Little Creek Maple Farm

Our adventures around the homestead.

Cornhole Boards 1.0 – Basic Board Construction

I decided to build a set of Cornhole Boards for my brother for Christmas after he had talked about getting a set at his summer get together.  This project came to me as I was finishing up building the Stratton Bed for my youngest son and I had some 1/2” plywood leftover so it seemed like like the perfect use of some extra material.

Knowing nothing of the game, I resorted to Googling the rules, and information on official Cornhole Board construction.  By luck I found the Cornhole-How-To page, which provided a wealth of info on everything from board construction to bag construction, and even info on how to play the game.

With the official dimensions, and some basic building info from the Cornhole-How-To page, I was ready to make some sawdust.  Essentially, my design consisted of a 1/2” thick B/C plywood top set into a rabbet of 2×4 frame that I ripped down to 1-1/2”x 3”.  The legs were made of the same 3” wide 2x stock and attached to the 2x frame with 3/8” carriage bolts.

Step 1 – I took all (5) 2 x 4 x 8’-0” studs and rough cut them to length so I had (4) 48” long, (4) 24” long, and (2) 24” long (the legs).  It probably would have been cheaper using (4) 10’ lengths instead of (5) 8′ lengths but I had the 8′ lengths on hand, so that’s what I went with.

Step 2 – I ripped all of the 2×4’s down to 3” wide from their actual dimension of 3-1/2”.  I did this with two passes on my table saw, because I wanted all square corners on the 2x stock.  To do this I set the table saw to a little less that a 1/4” for the first pass and ran all the stock.  Next I reset the saw for a 3” width and ran all the stock through this time cutting on the opposite side.  This is an extra step, or extra cut, but it was necessary for getting square corners on all 4 sides of the 2x’s.  All this cutting left me with a bunch of 1/8” thick off-rip which will be great in our new Maple Syrup Evaporator.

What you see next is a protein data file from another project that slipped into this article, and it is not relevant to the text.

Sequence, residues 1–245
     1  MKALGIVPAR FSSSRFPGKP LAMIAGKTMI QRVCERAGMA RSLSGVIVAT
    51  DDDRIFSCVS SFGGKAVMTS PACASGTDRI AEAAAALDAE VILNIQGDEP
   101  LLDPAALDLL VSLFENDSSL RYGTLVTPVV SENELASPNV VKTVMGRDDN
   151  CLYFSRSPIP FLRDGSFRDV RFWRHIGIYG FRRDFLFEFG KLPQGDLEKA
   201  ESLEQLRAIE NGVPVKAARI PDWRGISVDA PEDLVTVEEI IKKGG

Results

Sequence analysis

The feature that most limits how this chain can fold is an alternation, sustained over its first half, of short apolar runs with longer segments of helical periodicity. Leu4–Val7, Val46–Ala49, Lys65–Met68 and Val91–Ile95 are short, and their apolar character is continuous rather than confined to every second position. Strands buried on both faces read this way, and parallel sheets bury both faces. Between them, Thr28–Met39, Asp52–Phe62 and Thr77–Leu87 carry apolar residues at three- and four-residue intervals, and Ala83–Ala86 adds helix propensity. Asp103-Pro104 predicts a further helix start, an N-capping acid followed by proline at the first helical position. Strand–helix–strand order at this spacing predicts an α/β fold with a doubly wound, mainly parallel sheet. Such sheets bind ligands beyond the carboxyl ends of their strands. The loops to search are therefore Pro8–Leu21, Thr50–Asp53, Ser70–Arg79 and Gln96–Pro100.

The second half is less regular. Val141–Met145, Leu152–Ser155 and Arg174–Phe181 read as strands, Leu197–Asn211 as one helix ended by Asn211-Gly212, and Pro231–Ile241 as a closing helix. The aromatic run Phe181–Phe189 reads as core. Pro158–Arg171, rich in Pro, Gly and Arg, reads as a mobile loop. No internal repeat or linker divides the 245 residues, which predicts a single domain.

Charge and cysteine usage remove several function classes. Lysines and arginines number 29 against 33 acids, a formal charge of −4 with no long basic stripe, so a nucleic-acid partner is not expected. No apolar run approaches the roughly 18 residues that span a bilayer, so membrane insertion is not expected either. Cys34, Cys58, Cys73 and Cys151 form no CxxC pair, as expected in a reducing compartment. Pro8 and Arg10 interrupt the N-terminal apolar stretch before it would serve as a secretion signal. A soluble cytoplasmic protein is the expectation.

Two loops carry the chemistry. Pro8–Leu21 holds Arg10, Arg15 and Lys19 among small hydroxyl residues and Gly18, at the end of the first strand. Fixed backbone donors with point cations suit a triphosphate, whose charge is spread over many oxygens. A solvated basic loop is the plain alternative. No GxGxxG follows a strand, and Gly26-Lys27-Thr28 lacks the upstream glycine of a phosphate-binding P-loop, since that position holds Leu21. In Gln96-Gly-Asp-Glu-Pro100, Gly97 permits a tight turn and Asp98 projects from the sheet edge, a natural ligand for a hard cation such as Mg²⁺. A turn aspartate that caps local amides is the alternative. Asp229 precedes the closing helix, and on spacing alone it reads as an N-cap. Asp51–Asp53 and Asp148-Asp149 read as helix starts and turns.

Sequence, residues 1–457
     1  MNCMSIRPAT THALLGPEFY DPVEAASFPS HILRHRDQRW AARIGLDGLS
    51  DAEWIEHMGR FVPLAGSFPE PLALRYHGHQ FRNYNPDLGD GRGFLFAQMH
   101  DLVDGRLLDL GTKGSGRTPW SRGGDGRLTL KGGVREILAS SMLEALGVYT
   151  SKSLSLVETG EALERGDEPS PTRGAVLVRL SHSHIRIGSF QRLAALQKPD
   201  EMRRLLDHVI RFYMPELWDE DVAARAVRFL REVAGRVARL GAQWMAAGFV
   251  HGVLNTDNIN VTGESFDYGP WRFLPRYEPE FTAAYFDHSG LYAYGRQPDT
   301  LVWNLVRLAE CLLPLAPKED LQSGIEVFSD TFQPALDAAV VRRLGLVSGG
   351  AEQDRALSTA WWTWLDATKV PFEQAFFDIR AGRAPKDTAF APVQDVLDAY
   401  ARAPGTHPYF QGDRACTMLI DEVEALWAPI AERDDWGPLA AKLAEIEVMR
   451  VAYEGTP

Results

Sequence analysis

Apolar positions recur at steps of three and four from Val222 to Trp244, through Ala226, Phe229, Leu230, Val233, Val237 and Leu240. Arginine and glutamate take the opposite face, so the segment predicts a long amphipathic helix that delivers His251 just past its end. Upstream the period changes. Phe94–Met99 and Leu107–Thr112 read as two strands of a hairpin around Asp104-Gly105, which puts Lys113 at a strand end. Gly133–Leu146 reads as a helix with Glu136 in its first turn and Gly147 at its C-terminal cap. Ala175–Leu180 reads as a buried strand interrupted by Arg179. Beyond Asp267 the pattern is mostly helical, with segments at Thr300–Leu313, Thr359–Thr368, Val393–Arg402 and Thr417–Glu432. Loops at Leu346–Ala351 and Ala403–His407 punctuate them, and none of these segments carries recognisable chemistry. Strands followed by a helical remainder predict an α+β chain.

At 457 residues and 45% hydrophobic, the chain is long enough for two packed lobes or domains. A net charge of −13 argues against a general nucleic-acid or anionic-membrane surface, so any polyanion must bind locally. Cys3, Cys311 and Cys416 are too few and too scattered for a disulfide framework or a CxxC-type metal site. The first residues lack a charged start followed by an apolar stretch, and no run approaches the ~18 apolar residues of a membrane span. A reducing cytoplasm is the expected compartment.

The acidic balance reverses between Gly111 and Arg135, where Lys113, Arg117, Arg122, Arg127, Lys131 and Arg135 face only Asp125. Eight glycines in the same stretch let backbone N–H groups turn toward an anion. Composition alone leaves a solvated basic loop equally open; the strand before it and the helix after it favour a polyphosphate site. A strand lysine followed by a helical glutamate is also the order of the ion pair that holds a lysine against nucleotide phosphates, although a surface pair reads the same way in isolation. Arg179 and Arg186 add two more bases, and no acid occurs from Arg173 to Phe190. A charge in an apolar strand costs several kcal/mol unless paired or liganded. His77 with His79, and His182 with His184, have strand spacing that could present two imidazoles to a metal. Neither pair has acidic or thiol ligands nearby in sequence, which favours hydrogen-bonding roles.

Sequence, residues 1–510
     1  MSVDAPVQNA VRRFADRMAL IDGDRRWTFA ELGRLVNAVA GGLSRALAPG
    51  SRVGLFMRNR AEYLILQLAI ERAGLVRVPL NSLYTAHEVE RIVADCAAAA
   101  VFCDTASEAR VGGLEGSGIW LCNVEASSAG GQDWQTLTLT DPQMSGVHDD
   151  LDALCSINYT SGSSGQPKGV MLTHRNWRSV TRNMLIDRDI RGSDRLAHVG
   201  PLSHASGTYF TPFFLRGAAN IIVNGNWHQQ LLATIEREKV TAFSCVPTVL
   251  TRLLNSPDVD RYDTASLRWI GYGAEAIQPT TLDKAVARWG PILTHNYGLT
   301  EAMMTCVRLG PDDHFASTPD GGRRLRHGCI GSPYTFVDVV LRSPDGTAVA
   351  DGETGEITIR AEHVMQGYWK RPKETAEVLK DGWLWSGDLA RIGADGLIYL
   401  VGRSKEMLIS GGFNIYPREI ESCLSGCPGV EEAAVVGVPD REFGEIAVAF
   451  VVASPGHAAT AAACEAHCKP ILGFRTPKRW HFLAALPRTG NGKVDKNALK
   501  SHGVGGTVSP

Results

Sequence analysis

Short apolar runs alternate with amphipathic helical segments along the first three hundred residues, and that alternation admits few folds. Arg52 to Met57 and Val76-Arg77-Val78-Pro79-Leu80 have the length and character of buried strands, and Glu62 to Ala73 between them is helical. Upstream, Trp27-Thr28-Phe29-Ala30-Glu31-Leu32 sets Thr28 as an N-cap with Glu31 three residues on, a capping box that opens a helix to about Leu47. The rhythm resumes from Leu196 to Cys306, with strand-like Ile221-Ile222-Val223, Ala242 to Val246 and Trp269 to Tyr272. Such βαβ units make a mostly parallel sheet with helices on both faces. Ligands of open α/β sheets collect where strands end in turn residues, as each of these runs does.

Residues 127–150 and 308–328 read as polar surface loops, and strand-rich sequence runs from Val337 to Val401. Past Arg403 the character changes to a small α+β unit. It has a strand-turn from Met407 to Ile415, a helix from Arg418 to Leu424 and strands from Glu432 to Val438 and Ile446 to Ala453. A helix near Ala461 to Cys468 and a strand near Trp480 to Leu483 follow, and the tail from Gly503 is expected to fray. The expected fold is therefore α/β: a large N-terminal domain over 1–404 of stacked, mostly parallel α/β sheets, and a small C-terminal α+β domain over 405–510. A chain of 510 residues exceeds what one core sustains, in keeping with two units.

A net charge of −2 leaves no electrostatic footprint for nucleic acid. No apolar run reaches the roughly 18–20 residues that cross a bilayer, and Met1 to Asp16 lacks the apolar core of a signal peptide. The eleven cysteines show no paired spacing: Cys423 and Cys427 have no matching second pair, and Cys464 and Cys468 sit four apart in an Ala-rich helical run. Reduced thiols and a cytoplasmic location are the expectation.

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Step 3 – With all of the 2x’s ripped to width I took the (4) 48” lengths and the (4) 24” lengths and cut a rabbet into them.  This rabbet is a recess that the plywood panel will sit into and finish off the raw edge of the 1/2” plywood.  Once again I ran all the stock through each time I set up the saw.  For the first pass I set the saw to slightly less than a 1/2” in depth and about 1/2” from the fence on the table saw.  The idea here is to have your rabbet deep enough so that the wood 2x frame is slightly proud of the plywood sheet when installed.  This allows you to easily sand the frame down to the plywood with very little effort.  After the first pass you finish the rabbet by resetting the table saw to a little less than 1” in depth and I reset the fence to approximately 2-1/2”in width.  This allows me to keep the small rip outside of the blade, where I can easily handle it as I run the stock.  Basically, I don’t like to trap small rips between the blade and the fence where they could potentially bind up, your preferences may very, so work safely and however you feel comfortable.